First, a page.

• Welcome!
    |
    ||
    Logout|My Dashboard
  • April 21, 2014

Skin Cancer Prevention - Ladue News: Health-wellness

Skin Cancer Prevention

Print
Font Size:
Default font size
Larger font size

Posted: Thursday, June 20, 2013 12:00 pm

The sun worshippers are out in force. And every year, no matter how much public awareness is raised, some people still insist on intentionally increasing their cancer risk. Skin cancer is no joke: It can be fatal—and it is largely preventable.

There are various types of skin cancer, and some are more potentially dangerous than others. “A basal cell carcinoma is a cancer from the most basic cell in the skin. It’s the cell that goes on to create the skin that we feel on the outside (squamous cells), hair follicles, oil glands and sweat glands. A basal cell carcinoma has the least metastatic potential of all skin cancers,” explains Dr. Hank Clever, a dermatologist with First Capitol Dermatology and on staff at SSM St. Joseph Health Center.

When caught early, basal cell carcinoma is treatable through surgery, radiation or medication. However, that doesn’t mean it should be taken lightly or ignored. “Despite their low malignant potential, they can be very aggressive locally,” Clever says. “When allowed to progress, they can destroy large areas of skin, including entire noses, ears and even invade into the eye socket. The larger they get, the more difficult they are to remove. The repair of the ensuing defect can require significant cosmetic reconstruction.”

Squamous cell carcinoma is another common type of skin cancer. It originates in cells that form the epidermis or top layer of skin. Like basal cell carcinoma, early detection and treatment is key since squamous cell carcinoma can metastasize to nearby lymph nodes or more distant sites, causing serious medical issues.

The most fearsome type of skin cancer is melanoma, which forms in the pigment-producing skin cells. “Melanomas are particularly dangerous. They can be small and relatively short-lived, yet still metastasize to other areas,” Clever says. “When caught early, they are readily treatable by surgical means. However, if they invade even beyond one millimeter deep into the skin, they have the ability to move to other areas, most especially the liver, lungs and brain.”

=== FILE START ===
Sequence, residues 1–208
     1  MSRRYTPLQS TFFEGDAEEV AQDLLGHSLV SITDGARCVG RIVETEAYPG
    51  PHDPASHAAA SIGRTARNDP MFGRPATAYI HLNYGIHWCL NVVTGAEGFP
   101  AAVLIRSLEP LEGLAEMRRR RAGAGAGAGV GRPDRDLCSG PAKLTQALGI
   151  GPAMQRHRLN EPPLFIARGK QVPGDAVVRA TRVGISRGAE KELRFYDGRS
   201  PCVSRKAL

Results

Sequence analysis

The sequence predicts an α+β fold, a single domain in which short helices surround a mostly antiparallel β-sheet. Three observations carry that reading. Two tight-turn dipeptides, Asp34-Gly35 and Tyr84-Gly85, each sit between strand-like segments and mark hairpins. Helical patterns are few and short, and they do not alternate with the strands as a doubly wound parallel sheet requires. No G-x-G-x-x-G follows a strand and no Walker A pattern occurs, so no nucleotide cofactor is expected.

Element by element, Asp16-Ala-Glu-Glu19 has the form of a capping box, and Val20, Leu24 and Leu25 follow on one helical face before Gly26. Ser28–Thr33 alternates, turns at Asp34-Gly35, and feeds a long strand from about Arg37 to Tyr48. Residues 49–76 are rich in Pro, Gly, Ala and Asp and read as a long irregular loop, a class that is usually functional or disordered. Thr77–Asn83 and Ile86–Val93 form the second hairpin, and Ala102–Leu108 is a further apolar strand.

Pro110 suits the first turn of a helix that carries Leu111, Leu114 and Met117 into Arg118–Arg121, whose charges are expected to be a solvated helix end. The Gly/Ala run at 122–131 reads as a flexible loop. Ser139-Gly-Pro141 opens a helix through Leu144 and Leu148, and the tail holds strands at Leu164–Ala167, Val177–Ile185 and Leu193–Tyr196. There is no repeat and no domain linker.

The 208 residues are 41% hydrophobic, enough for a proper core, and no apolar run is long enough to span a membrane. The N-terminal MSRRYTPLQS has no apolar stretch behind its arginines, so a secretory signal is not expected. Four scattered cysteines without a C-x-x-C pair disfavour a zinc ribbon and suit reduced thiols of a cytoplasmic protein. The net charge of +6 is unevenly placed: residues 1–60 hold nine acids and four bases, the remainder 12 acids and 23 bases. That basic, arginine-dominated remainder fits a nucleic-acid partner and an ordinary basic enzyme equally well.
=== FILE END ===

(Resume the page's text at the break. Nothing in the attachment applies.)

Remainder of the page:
All forms of skin cancer create a new skin lesion. Basal and squamous cell carcinomas usually look pink or red, and may be scaly or bleed. Melanoma more often looks like a mole, sometimes even forming on existing moles. “Any new mole that arises after the age of 20 or any mole that is changing from one month to the next should be examined by a physician,” Clever says.

Despite knowing what to look for and when to see a doctor, prevention is the most important message. And the key to prevention: sunscreen, sunscreen, sunscreen.

Asked about the benefits various types of sunscreens—natural versus synthetic, for instance—Dr. Joseph Muccini, a dermatologist with Mid-America Skin Health and Vitality Center, is adamant: Just use one. “Failure to use a good sunscreen, of whatever type, including synthetics, is clearly way more dangerous because of the amount of DNA damage that is guaranteed from UV exposure, compared to not using it,” he says.

Muccini emphasizes the benefits of a full-spectrum sunscreen and notes that most people fail to use sunscreen to maximum effectiveness. “People don’t put their sunscreen on 20 minutes before going into the sun and they usually don’t use enough,” he says. A full ounce of sunscreen is recommended to cover the body when swimming or spending time outside in shorts and sleeveless shirts. And Muccini adds that no matter what level SPF your sunscreen boasts on the label, all sunscreens need to be reapplied every couple of hours.

As far as worrying about synthetic sunscreen soaking into the skin and entering the bloodstream, Muccini notes that rubbing the compound on your skin is not like digesting it. “It’s not the same as eating it,” he says. “Your digestive system is designed for absorption. In order to absorb something in large amounts through the skin (such as transdermal medications), you have to do something specific to make it happen. Sunscreens are formulated to stay on the skin’s surface.”

So don’t worry about poisoning yourself with sunscreen. Instead, protect yourself from a far worse fate. Remember, porcelain is precious, but adobe is just mud.

More about

More about

More about

----- GET CONNECTED WITH LN -----

Enter your email address below to signup for our mailing list.

Featured Events